- The best time to plant Protea is during autumn or spring because that’s the period with the most oscillations during day and night temperatures, which is good for germination. If you finish planting it in autumn, the plant will have just about the right amount of time to strengthen until summer and it will be able to sustain high temperatures without any troubles.
- Submerge the seed into a fungicide solution before planting it, and leave it there for 12 hours minimum. You can skip this step, but submerging the seed will make the germination process faster, so it’s recommended.
- The substrate for Protea planting has have soil acidity ph value 6-5-5. You can make the best mixture by adding coarse river sand and peat or degraded pine needles in an equal amount. In addition to the soil acidity, you need to look after about substrate drainage. This can be achieved by adding perlite.
- The next step is the sterilization of the substrate in order to avoid fungi occurrence. You need to put the substrate into a microwave oven for at least 3 minutes or in an oven for at least 45 minutes. Cool the substrate afterwards.
- The containers for planting Protea need to be able to contain around 500ml of the substrate and have a hole at the bottom for water drainage. Instead of the container, you can use a regular, plastic, transparent bag with pierced holes at the bottom.
- Never fill the container up to the top, leave at least a few inches (centimetres) of space at the top. Plant the seed at the depth of its size and water it generously with the fungicide solution.
- Cover the container or close the bag to keep the soil moisturized. Leave it somewhere in the shade.
- For Protea’s germination, you’ll need to provide 72-24°F (22-29°C) degrees during the day. The night temperature can be as low as 55°F (13°C) degrees.
- The germination usually starts in a month. Most of the seeds germinate during the period of three months.
- The cotyledon is the first to sprout, and little leaves appear later on. When they start showing up, the first seedling leaves can gradually start getting accustomed to direct sunlight exposure.
- The seedlings need moderate moisture exposure and its substrate cannot be let to dry off.
Place: Grownup plants can handle the direct sunlight exposure well, wind as well, so you can plant it in your garden, out in the open. However, you’ll need to take it inside a warm room during winter, because it can freeze.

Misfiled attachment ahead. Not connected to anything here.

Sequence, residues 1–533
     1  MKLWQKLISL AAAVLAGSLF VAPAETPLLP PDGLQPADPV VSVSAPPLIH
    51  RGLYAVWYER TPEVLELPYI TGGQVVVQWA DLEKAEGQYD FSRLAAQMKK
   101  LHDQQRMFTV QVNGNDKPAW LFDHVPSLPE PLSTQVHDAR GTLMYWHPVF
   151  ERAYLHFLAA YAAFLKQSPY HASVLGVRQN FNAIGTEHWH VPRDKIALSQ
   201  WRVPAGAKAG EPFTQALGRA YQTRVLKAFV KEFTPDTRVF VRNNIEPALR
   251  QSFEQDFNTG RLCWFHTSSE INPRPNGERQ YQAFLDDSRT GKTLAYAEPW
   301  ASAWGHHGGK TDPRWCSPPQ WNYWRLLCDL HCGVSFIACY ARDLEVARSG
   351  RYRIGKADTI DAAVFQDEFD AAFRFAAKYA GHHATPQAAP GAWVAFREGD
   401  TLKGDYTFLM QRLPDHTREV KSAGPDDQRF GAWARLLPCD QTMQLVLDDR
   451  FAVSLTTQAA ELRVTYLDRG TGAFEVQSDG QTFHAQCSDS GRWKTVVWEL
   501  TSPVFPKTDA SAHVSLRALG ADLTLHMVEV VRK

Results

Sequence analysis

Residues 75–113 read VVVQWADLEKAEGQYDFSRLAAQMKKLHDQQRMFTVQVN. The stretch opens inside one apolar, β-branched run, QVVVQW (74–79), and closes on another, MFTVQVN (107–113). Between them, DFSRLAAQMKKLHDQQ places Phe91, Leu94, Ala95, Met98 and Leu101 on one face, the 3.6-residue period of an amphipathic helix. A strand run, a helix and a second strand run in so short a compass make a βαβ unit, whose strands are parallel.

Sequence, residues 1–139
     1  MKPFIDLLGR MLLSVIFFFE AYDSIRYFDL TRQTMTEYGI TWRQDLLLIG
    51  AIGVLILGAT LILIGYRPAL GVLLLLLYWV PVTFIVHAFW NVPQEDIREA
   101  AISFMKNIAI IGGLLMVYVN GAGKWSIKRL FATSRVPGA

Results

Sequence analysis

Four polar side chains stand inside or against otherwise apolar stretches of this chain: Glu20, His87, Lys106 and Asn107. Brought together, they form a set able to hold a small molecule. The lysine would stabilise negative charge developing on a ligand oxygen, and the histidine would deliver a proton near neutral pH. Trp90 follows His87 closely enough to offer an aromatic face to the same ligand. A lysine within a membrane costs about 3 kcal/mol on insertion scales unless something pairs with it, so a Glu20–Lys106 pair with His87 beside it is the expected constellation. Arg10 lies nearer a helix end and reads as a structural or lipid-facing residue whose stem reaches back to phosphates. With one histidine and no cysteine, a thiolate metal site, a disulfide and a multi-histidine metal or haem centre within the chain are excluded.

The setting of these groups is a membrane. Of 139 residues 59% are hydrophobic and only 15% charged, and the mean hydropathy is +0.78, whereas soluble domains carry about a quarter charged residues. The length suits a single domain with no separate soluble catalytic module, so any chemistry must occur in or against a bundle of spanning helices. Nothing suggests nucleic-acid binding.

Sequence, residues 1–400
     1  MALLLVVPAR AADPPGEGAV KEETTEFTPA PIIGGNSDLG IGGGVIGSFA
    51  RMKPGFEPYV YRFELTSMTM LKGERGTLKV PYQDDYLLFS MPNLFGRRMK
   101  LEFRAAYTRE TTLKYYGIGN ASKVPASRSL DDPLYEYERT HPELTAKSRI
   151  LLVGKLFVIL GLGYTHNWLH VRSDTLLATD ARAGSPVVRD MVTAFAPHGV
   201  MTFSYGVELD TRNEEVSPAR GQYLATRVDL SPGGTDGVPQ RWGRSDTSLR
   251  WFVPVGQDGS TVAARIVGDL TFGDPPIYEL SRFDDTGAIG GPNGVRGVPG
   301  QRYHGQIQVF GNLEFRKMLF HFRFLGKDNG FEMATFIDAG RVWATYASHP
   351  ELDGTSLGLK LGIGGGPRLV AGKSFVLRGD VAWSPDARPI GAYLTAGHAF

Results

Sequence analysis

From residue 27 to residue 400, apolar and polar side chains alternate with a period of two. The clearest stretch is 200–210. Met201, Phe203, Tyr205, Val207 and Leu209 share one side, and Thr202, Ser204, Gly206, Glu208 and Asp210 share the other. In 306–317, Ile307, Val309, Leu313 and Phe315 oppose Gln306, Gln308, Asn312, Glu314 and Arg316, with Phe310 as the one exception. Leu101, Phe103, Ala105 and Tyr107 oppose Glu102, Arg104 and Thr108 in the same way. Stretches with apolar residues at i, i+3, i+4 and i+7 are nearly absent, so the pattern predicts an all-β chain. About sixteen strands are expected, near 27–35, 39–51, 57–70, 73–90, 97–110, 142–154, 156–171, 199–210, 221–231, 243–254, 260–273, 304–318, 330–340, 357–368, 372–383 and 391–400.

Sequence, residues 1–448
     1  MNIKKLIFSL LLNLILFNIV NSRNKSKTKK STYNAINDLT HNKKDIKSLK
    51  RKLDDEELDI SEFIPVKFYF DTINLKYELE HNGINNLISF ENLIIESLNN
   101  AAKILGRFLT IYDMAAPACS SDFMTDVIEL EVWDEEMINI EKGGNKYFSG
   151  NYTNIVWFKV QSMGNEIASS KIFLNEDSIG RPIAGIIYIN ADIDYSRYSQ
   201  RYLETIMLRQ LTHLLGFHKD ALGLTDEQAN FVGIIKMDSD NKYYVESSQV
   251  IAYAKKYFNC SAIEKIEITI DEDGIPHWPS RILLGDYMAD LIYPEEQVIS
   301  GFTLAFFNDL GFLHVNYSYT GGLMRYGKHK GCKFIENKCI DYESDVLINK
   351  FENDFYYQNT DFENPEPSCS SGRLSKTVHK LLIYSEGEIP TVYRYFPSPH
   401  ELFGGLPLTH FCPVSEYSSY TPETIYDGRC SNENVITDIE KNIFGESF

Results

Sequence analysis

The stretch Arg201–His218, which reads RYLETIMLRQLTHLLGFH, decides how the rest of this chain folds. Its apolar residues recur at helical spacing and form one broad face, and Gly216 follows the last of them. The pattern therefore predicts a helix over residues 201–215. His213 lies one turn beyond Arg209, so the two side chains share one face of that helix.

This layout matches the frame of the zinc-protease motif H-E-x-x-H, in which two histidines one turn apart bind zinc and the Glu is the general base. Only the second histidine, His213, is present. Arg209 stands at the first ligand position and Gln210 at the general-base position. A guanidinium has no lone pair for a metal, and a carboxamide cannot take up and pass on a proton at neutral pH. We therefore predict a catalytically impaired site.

Substrate: Acidic soil suits this plant well with the ph value of 5.5. In addition to that, you need to provide it with a good permeable substrate and good drainage. You can create permeability with perlite, and enhance drainage by having a container with numerous holes at the bottom and pebbles over them.
Repotting: During repotting, you have to take care not to damage the roots because they are extremely sensitive. If you live in an area where there’s no strong frost during the winter, feel free to plant it in the garden in a hole deep about 20 inches(500mm).
Watering: Watering with rainwater is recommended. During the period of the highest temperatures, watering should be reduced to a minimum and only in the early hours in the morning or late at night. Water it when the soil is dry.
Wintering: Considering the fact that this plant originates from South Africa, it’s not frost-resistant. It’s best to keep it indoors, on the temperature of 68°F (20°C). You need to provide it with an ample amount of light even then.
Topdressing: The roots are extremely sensitive, so strong topdressing can literally roast the roots. Choose a fertilizer with a high nitrogen percentage and sustain the soil acidity. The amount of fertilizer should be reduced according to the label from the package.
Blossoming: Protea is the national flower of South Africa. It blossoms during the whole year if you provide it with all of the requirements it needs.